- Robert Mugabe was the president of Zimbabwe from 1980 until 2017 and was the world's oldest head of state, but was deposed in a coup in December 2017 and replaced by Emmerson Mnangagwa, former vice president of he same party, the ZANU-PF
- The Victoria Falls – bordering Zambia and Zimbabwe – is Africa’s largest waterfall.
- Zimbabwe’s Lake Kariba is one of the largest man-made lakes in the world.
- In 2008, Zimbabwe had the highest inflation rate in history – officially recorded at 231,000,000% in 2008.
Key Market Alerts
- The US Dollar is predominantly used as the main currency in Zimbabwe since the Zimbabwean Dollar was effectively abandoned in 2009 due to hyperinflation.
- Communications infrastructure in Zimbabwe is unreliable. Telephone and cell phone outages are common.
- Malaria is also prevalent throughout Zimbabwe, except in Harare, due to the capital’s high altitude.
- Due to lack of investment the buildings and homes in Harare have been poorly maintained.
An Overview of Zimbabwe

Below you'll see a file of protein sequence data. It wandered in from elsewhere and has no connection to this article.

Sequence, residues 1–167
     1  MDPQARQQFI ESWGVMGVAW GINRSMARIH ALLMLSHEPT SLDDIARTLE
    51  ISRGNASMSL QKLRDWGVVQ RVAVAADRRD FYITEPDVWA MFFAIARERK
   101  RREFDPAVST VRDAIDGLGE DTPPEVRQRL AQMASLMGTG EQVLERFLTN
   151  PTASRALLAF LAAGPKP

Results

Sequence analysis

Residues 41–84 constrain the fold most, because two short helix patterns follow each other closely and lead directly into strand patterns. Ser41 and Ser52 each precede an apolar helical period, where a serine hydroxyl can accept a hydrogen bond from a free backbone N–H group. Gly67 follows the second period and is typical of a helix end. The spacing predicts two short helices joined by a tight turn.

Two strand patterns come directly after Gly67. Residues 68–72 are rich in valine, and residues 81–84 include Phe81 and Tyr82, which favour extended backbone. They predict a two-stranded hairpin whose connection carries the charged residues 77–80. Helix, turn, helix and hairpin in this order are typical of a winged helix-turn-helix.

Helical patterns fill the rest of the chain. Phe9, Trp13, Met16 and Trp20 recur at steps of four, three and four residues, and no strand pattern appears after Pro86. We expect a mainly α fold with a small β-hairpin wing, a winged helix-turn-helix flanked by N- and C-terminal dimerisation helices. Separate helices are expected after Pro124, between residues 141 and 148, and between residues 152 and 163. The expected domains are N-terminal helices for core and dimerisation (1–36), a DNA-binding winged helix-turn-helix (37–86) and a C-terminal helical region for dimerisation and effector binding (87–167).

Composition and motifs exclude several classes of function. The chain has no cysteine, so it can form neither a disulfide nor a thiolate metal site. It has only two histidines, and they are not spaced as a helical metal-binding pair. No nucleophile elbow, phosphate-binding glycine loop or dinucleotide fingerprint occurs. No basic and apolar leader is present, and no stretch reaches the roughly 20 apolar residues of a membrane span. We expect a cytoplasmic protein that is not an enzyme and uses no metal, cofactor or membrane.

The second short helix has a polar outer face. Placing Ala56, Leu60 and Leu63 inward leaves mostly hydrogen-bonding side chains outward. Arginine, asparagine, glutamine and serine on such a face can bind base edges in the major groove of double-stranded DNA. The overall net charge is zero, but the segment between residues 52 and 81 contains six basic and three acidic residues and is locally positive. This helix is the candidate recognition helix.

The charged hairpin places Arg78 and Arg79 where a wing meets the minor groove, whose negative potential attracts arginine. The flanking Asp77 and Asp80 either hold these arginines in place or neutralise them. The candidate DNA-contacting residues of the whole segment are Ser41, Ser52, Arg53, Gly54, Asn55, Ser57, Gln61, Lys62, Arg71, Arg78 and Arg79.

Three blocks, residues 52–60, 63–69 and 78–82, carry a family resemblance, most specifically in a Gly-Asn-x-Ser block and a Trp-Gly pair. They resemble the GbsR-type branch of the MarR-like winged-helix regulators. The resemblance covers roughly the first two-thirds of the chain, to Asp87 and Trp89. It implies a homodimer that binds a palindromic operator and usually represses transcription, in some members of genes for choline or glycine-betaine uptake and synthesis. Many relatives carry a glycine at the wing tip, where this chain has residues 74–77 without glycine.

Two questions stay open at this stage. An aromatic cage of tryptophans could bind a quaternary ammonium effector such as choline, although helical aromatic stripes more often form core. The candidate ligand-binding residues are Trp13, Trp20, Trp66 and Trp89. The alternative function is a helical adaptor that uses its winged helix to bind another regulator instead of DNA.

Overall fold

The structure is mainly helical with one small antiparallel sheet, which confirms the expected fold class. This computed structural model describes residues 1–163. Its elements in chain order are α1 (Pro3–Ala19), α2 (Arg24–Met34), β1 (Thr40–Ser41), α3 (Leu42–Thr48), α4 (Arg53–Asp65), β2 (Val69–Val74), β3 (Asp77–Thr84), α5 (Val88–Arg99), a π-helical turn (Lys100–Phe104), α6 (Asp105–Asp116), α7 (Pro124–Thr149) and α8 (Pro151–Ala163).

Harare is Zimbabwe's biggest city with a population of around 2 million. It is the commercial capital of the country, while Lilongwe is the capital. The backbone of Zimbabwe's economy - agriculture - has been crippled by the combined effects of drought, HIV/AIDS and controversial government land reforms. Unemployment is high and many cannot afford basic foodstuffs, fuel, health care and school fees. State health and education systems are near collapse.
On a positive note, Zimbabwe has experienced positive economic growth since 2009.
Living in Harare
There is not always a ready availability of food, toiletries and clothing within Harare and these items can be expensive. Many people living in Harare travel to South Africa for major shopping trips.
In regards to safety foreigners are warned to be vigilant especially whilst driving and avoid driving at night. Be prepared for frequent police roadblocks, in which the police may solicit a bribe.
Housing in Harare
As a result of the country’s economic crisis, it is almost impossible to purchase property because credit is not available. This has a knock on effect where landlords cannot sell their properties and are therefore forced to rent. Because of the stagnant nature of the market, rentals remain low and landlords often can’t afford to maintain their properties.
The North-east suburbs of Harare are favoured by expatriates, especially Borrowdale and Glen Lorne where many large homes, sprawling lawns and tennis courts. Most goods can be found at the Borrowdale Village shopping centre.
Schooling in Harare
Harare has an international school and private boarding schools following the Cambridge British schooling system but private boarding schools in South Africa are a popular option.